September 14, 2012

SHOWBUZZDAILY @ TORONTO: “Seven Psychopaths”


Few movies are as wholeheartedly dedicated to meta-ness as Martin McDonagh’s SEVEN PSYCHOPATHS.  The title of the movie is also the title of the script its main character Marty (Colin Farrell)–which, I believe, is short for “Martin”–is trying to write.  It’s also a tally that the movie keeps track of as the story moves along, although pay attention, because the count gets tricky along the way.  Ultimately, the picture consumes itself in framing devices and digressions, but it has a fairly good time getting there.

On one level, Psychopaths is a Tarantino-cum-Elmore Leonard tale of bloody, comic, low-life crime.  Marty’s best friend Billy (Sam Rockwell) is in partnership with Hans (Christopher Walken) in a disreputable plan to kidnap Beverly Hills dogs and then return them for a reward that’s tantamount to a ransom.  One day, they make the mistake of taking the shi-tzu belonging to gangster Charlie (Woody Harrelson), who is ferociously determined to get his pet back and kill whoever took her.  That sets in motion a series of comically savage murders, as various characters start hunting one another.

Meanwhile, Marty has the title of a movie but not the characters or plot, and he seeks out actual psychopaths to give him inspiration (not realizing he’s surrounded by plenty of them already).  This leads to several movies-within-the-movie, as people like Harry Dean Stanton and Tom Waits turn up as characters who might end up in Marty’s script.  Some of these tales, as we discover, are not only true, they’re actually about other characters in the movie.

The meta-ness is omnipresent.  If you’ve noticed that the woman characters (Abbie Cornish and Olga Kurylenko as less than endearing girlfriends) have little to do, before long someone will comment that Marty’s woman characters are weak.  When a character passes a site in the desert and notes that it would be the perfect place for a movie’s final showdown, you can bet that’s where the last reel will take place.  Various characters, in criticizing Marty’s script, provide preemptive satiric cover for criticisms of McDonagh’s.  It’s all very clever, but after a while it’s evident that the film is taking a direct route up its own fundament.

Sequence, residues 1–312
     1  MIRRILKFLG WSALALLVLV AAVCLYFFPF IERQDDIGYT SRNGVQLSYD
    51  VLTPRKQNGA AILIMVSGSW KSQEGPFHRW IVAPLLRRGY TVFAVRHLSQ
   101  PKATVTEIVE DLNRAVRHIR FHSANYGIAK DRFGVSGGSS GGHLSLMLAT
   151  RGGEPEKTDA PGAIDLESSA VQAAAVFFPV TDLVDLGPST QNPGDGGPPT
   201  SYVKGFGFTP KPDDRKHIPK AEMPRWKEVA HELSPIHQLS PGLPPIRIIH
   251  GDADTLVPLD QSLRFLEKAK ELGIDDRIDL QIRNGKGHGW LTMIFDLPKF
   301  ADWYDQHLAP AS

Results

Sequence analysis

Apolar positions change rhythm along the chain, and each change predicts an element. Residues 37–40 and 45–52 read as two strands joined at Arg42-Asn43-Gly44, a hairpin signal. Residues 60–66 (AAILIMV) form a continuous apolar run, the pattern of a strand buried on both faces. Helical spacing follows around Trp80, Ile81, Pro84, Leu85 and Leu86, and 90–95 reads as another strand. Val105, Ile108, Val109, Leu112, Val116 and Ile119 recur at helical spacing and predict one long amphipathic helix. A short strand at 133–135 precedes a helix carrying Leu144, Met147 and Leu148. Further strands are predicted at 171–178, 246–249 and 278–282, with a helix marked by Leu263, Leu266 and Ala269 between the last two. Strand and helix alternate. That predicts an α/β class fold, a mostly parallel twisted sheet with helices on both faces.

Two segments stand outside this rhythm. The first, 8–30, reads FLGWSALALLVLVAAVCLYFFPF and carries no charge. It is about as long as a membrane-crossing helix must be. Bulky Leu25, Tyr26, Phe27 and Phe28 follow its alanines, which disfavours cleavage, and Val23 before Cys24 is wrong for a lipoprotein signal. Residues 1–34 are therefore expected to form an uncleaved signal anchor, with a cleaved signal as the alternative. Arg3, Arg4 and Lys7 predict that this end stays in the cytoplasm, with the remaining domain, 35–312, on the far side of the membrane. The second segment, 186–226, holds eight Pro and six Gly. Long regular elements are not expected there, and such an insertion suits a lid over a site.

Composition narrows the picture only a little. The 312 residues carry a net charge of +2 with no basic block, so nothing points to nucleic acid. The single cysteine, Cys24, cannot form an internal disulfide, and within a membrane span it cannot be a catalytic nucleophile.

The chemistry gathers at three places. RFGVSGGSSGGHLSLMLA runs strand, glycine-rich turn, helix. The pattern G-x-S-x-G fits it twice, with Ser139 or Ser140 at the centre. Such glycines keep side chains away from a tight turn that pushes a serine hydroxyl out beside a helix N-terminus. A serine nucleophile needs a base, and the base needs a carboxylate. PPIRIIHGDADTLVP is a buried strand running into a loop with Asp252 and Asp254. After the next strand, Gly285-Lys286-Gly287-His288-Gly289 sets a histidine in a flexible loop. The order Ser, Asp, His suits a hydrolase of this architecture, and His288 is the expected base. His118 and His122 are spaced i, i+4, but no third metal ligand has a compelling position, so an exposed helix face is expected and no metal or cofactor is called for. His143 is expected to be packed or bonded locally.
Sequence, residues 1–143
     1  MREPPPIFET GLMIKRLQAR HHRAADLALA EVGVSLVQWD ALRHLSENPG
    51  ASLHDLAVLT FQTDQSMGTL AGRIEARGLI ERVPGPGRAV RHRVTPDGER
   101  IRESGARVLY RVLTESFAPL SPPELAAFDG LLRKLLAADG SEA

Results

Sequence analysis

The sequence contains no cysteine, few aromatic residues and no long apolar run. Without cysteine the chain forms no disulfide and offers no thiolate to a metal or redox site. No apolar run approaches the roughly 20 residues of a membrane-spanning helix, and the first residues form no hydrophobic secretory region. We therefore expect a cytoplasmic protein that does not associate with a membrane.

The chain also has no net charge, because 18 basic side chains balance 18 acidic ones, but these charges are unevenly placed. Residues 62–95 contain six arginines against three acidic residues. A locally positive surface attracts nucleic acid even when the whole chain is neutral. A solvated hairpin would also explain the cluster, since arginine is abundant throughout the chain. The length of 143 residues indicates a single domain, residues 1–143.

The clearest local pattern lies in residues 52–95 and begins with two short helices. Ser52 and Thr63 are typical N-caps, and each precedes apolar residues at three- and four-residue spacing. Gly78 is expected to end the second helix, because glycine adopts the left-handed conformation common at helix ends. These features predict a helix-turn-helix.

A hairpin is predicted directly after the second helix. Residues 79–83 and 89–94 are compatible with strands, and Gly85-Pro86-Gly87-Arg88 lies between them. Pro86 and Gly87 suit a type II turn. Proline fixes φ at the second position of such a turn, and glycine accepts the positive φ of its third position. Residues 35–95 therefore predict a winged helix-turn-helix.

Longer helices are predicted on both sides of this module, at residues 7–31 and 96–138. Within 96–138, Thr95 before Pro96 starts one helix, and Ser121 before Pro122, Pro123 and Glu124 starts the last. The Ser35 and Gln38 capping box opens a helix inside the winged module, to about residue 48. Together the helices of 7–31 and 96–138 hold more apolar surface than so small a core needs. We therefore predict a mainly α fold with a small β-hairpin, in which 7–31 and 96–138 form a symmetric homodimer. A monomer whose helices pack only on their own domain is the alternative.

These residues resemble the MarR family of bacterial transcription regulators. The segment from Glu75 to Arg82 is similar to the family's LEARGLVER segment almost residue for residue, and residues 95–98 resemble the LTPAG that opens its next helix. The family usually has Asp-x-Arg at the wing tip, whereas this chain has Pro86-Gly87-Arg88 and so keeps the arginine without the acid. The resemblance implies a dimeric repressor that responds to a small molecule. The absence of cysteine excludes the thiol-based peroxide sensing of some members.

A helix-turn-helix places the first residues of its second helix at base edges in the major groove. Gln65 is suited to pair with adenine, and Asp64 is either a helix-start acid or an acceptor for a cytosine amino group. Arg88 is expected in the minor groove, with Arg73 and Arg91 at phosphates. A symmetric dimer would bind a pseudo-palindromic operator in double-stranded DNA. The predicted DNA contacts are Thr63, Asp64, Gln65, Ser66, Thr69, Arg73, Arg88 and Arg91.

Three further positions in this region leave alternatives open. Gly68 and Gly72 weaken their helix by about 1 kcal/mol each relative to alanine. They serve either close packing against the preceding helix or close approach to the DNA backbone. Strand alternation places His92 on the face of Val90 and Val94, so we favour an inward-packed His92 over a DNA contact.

This is all somewhat disappointing from McDonagh, whose In Bruges was one of the genuinely fresh and well-written comic thrillers of the past few years, and who has written celebrated plays like The Cripple of Inishmaan and The Pillowman (as well as the more problematic A Behanding in Spokane, which featured Rockwell and Walken on Broadway).  For all its madly spinning antics, Psychopaths feels lazy by comparison, as though McDonagh couldn’t be troubled to write a real story with real characters, or for that matter to say anything new or interesting about Hollywood, thrillers or storytelling.

That’s not to say the movie isn’t entertaining.  Walken and Rockwell go to town on the general weirdness, that being what they do best, and it’s a joy to watch the two of them (with Harrelson close behind) devour every tasty line-reading and crazy plot twist.  (Farrell is more of a straight man here.)  As long as you don’t care about, you know, caring at all about the plot or characters, there’s always something amusing going on and a fun character actor on screen.

Seven Psychopaths isn’t a movie for a mainstream audience, which is likely to be tired out by its “look at me!” plots within plots, and it feels both too calculated to be a true cult movie, and too vacuous to be a genuine commentary on cult movies.  It’s an enjoyable curiosity.



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About the Author

Mitch Salem
MITCH SALEM has worked on the business side of the entertainment industry for 20 years, as a senior business affairs executive and attorney for such companies as NBC, ABC, USA, Syfy, Bravo, and BermanBraun Productions, and before that, at the NY law firm of Weil, Gotshal & Manges. During all that, he has more or less constantly been going to the movies and watching TV, and writing about both since the 1980s. His film reviews also currently appear on and In addition, he is co-writer of an episode of the television series "Felicity."